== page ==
THE HAGUE, Sept. 11 (Xinhua) -- Latest polls released on Tuesday showed that there was a high number of floating voters in the Netherlands over the upcoming election scheduled on Wednesday.
Poll research institute Ipsos Synovate calculated that 43 percent of the electorate was not sure who to vote for, indicating that the outcome of the election is still highly uncertain as many voters remain undecided.
Besides, under the Dutch electoral system, parties' vote shares translate directly into seats in parliament, with only 0.67 percent of the nationwide vote is needed for a single seat, which would result in a wide offer of its 21 political parties.
Meanwhile, the latest polls also indicated that the major two parties remain neck-and-neck and speculation is mounting about the form the next coalition government.
The latest polls put the VVD, lead by the outgoing Prime Minister Mark Rutte, and PvdA, the socialist party headed by former Greenpeace activist Diederik Samsom, on around 35 seats in the 150-seat parliament, underlining a possibility of coalition.
However, in a national TV debate on Monday evening, both leaders refused to speculate about possible coalitions.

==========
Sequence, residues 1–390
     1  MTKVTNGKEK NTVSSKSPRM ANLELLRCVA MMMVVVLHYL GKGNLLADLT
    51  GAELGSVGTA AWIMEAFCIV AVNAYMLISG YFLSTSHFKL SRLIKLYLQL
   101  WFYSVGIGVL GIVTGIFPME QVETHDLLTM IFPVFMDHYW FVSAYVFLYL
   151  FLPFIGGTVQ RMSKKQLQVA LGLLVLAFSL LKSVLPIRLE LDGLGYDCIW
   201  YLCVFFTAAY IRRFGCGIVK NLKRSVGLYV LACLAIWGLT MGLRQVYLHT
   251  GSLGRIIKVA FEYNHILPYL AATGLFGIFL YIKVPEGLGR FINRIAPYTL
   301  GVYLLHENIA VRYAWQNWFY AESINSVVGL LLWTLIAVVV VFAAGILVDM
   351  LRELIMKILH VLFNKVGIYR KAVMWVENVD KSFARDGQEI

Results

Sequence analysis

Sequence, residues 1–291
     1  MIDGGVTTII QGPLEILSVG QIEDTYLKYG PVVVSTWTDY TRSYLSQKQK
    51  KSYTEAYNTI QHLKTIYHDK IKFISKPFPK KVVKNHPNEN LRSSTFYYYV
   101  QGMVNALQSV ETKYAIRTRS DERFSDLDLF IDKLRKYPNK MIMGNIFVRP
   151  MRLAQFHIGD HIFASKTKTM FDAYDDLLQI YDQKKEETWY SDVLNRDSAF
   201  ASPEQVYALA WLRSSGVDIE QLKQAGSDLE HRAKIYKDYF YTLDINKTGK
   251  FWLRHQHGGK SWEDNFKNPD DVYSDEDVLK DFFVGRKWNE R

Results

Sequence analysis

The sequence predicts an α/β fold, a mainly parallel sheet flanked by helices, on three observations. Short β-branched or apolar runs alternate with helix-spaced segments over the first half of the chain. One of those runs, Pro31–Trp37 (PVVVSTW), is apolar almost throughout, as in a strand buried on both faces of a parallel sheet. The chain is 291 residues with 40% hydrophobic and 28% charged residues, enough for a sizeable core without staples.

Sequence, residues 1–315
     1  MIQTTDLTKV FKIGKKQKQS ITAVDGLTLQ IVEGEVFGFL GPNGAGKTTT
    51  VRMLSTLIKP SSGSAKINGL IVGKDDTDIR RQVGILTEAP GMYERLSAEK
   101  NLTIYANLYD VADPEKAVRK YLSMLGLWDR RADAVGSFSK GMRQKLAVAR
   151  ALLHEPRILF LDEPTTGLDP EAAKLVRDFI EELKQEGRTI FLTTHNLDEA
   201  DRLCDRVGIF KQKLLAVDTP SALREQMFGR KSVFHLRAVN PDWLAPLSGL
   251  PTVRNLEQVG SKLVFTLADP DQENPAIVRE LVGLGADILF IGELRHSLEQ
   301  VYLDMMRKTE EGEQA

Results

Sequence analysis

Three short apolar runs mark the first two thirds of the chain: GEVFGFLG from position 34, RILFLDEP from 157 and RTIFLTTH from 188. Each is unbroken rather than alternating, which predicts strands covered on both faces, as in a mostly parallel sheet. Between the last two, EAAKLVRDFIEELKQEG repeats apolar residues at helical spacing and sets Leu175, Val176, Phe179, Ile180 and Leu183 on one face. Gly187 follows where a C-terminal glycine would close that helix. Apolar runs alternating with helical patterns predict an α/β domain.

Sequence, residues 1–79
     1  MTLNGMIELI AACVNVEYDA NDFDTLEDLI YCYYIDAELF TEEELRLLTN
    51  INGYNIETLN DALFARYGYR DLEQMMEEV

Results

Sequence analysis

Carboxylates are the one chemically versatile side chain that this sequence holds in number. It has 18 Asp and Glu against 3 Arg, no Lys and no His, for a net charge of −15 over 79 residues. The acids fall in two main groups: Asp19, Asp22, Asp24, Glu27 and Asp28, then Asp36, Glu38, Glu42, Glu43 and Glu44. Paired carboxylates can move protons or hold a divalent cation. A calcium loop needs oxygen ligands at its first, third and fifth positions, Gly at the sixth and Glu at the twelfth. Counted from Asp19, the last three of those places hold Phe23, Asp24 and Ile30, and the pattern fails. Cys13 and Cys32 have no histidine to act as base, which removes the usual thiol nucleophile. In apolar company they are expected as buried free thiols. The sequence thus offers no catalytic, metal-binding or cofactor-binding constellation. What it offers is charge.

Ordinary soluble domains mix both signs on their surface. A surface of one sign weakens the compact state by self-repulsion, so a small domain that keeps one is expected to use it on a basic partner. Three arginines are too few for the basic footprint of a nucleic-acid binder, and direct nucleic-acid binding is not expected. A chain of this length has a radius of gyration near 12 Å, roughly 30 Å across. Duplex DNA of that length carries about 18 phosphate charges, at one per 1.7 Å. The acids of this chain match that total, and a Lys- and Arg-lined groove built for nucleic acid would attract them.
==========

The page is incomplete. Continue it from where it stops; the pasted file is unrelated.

The VVD is a liberal party supporting private enterprises. During the Dutch general-election of 2010 the VVD obtained the highest number of votes cast, taking 31 of the 150 seats in the House of Representatives.
After long negotiations a minority government was formed by the VVD and the CDA (Christian Democrats). The two parties made a policy agreement with the PVV in order to achieve a small majority in parliament. In April this year the government of Rutte handed resignation over disagreement on the budget and austerity measures.
Under the leadership of Rutte, the government has taken a euro-skeptic tone, opposing moves to let Romania and Bulgaria to join the Schengen passport-free travel area.
During the election campaign, Rutte has stated that "enough is enough" when it came to Greece and a third bailout, raising strong criticism in the Netherlands and abroad.